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Lending a Hand

Joe Kesler

IF I’M HONEST with myself, I’ve been financially comfortable for so long that I’ve lost the ability to truly relate to those living paycheck to paycheck. But over a lifetime of working with people and their money, I’ve learned to be aware of signs that someone may be on the brink of breakdown—and could use some help.

I was only 22 years old when I had my first shocking experience with the power of money to cause a life to self-destruct. I was working as one of the federal government’s national bank examiners. A teller’s cash drawer was missing money and she was sent home.

Around lunchtime, the bank president realized his truck was also missing. The teller had stolen his truck, and then driven for several hours before stopping and attempting to end her life. Fortunately, she wasn’t successful.

But the experience made a big impression on me. Money is a double-edged sword with the power both to help fulfill our aspirations and to destroy. How can we help those who are struggling? Try these three steps.

1. Strive to be a “financial first responder.” That’s the label I give to those willing to help others in financial difficulty. We know that depression can occur in those suffering from too much consumer debt. If not addressed, serious consequences often result.

In such situations, there are time-tested methods to give people hope. It doesn’t take an MBA to help those who have too much credit card debt. Just like we learn first aid to assist with a medical need when a doctor isn’t around, anyone can learn some basics to help financially stressed people who can’t afford professional help.

I’ve trained others with materials from organizations like Crown Financial Ministries. The goal is to lay out a series of small, manageable steps that can be used to gain financial peace of mind. The first step might be to find a way to save $500. It’s something almost everybody can accomplish, and it gives them the confidence to move on to the next step of reducing debt. Crown’s money map is a brilliant formulation of baby steps to give those in deep debt hope that there’s a way out.

2. Redefine failure as a virtue. One of the reasons our economy has been a success is our acceptance of failure. For much of human history, debtors who couldn’t pay their loans went to prison. But in America, we made bankruptcy relatively easy so folks could discharge their debts and start over.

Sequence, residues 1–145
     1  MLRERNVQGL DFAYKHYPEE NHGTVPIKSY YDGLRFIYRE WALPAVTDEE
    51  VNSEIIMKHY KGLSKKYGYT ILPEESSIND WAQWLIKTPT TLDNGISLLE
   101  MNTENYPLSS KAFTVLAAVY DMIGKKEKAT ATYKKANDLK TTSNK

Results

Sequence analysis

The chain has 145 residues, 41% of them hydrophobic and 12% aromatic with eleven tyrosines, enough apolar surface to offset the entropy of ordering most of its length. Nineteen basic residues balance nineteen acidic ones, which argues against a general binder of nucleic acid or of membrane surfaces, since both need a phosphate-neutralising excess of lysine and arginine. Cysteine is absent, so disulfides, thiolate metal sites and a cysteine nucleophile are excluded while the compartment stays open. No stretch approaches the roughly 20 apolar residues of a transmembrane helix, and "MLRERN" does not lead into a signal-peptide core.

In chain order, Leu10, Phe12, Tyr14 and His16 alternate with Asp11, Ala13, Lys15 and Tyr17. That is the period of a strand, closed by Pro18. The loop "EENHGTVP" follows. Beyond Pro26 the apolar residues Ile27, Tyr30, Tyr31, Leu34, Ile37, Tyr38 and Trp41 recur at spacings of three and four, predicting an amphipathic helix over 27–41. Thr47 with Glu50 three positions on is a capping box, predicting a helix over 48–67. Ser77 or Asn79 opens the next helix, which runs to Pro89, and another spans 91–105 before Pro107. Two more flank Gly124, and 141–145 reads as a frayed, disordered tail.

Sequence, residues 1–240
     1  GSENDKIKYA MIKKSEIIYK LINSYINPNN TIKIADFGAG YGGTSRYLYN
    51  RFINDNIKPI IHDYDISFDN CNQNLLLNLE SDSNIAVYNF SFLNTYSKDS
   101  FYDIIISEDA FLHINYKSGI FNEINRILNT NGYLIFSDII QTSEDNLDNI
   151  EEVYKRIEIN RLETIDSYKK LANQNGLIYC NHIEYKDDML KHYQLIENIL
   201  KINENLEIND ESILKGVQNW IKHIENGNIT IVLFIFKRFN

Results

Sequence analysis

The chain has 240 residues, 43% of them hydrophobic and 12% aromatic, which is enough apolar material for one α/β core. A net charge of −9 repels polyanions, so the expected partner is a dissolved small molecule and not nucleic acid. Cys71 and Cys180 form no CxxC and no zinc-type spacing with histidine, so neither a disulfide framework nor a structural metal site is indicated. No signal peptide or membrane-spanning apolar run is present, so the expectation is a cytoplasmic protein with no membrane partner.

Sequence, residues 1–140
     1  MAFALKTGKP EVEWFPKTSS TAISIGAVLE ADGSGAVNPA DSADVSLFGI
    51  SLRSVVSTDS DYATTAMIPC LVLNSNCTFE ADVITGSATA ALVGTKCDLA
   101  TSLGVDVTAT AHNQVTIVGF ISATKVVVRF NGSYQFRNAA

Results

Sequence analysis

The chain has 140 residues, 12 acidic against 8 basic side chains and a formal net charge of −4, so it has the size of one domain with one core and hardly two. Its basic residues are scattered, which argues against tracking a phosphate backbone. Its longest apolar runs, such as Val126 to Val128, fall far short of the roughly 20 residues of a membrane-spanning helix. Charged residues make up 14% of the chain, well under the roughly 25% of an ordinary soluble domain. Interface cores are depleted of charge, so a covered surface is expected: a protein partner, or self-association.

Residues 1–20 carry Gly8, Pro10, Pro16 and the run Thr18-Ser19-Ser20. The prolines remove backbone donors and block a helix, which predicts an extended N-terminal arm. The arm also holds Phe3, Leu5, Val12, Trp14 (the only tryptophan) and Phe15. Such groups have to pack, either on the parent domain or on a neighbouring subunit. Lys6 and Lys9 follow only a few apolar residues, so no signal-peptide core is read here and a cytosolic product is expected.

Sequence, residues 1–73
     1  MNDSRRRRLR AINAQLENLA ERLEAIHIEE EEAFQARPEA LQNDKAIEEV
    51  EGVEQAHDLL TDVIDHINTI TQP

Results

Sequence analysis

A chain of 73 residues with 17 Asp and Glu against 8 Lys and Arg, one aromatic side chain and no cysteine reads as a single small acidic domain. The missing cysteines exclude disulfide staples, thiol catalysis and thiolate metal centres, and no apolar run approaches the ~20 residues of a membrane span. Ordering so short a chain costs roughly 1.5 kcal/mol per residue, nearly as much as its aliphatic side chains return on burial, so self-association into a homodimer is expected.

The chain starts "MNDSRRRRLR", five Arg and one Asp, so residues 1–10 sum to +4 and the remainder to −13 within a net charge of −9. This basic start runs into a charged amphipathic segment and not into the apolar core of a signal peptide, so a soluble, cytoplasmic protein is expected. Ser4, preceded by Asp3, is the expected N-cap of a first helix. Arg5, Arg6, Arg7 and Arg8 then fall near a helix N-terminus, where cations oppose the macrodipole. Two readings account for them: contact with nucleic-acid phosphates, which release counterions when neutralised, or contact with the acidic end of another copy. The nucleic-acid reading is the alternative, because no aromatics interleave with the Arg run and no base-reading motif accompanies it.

You might think, as a banker, I’d prefer the harsh debtors’ prison method. But there’s real value to society, as well as to the individual, in making bankruptcy less severe.

If bankrupt entrepreneurs are excessively punished for failure, they may give up on high-risk but potentially high-return opportunities. Think Henry Ford, who had two companies go bankrupt before he succeeded. Or Walt Disney, who was fired by an editor because he had no imagination. Or Mark Cuban, who failed as a waiter, carpenter and cook before finding success.

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High-tech firms like Amazon believe if they aren’t trying and failing with new ideas, they aren’t maximizing long-term value for shareholders. The list of failed Amazon ventures is remarkable. Amazon Fire smartphone lost $170 million before being shuttered. Kozmo.com was a $60 million dollar write-off. There are many more.

Amazon founder Jeff Bezos has a high view of failure’s value: “I believe we are the best place in the world to fail (we have plenty of practice!), and failure and invention are inseparable twins.” We need to remind ourselves and others that there shouldn’t be shame in failure, but there might be regret in being too fearful to try new initiatives.

3. Remember the limits of money and the value of life. I became a bank chief executive in my mid-30s. I was driven to achieve great numbers. When something or someone got in the way of that objective, I could lose perspective.

Fortunately, I worked with a bank attorney named George who had flown multiple missions over Germany during the Second World War. He had the perspective to distinguish between what was really important and what was a temporary problem.

One day, my bank discovered a customer had sold “encumbered” assets without first paying off the bank loan that was secured by those assets. Even worse, he lied to the bank, saying he still had the collateral. George and I met with the customer and his lawyer.

As the start of the meeting, the customer began talking. He was completely broken. In tears, he shamefully admitted his deception. He was looking at financial ruin and possible criminal charges. But I was mad and less than sympathetic. Fortunately, George took over the meeting.

Rather than beat the guy up, George sensed the man was suicidal. George comforted him with assurances that he could get through this situation. I remember George telling him, “You know, in a few years, no one will even remember this happened. We have to get through this, but you will have a life once it’s over.”

I’ve heard a lot of sermons where a preacher taught the Christian virtue of loving those who have wronged us. But that day, George taught me that lesson more effectively than any preacher could. With George’s encouragement, the customer got through his problems and went on to lead a productive life.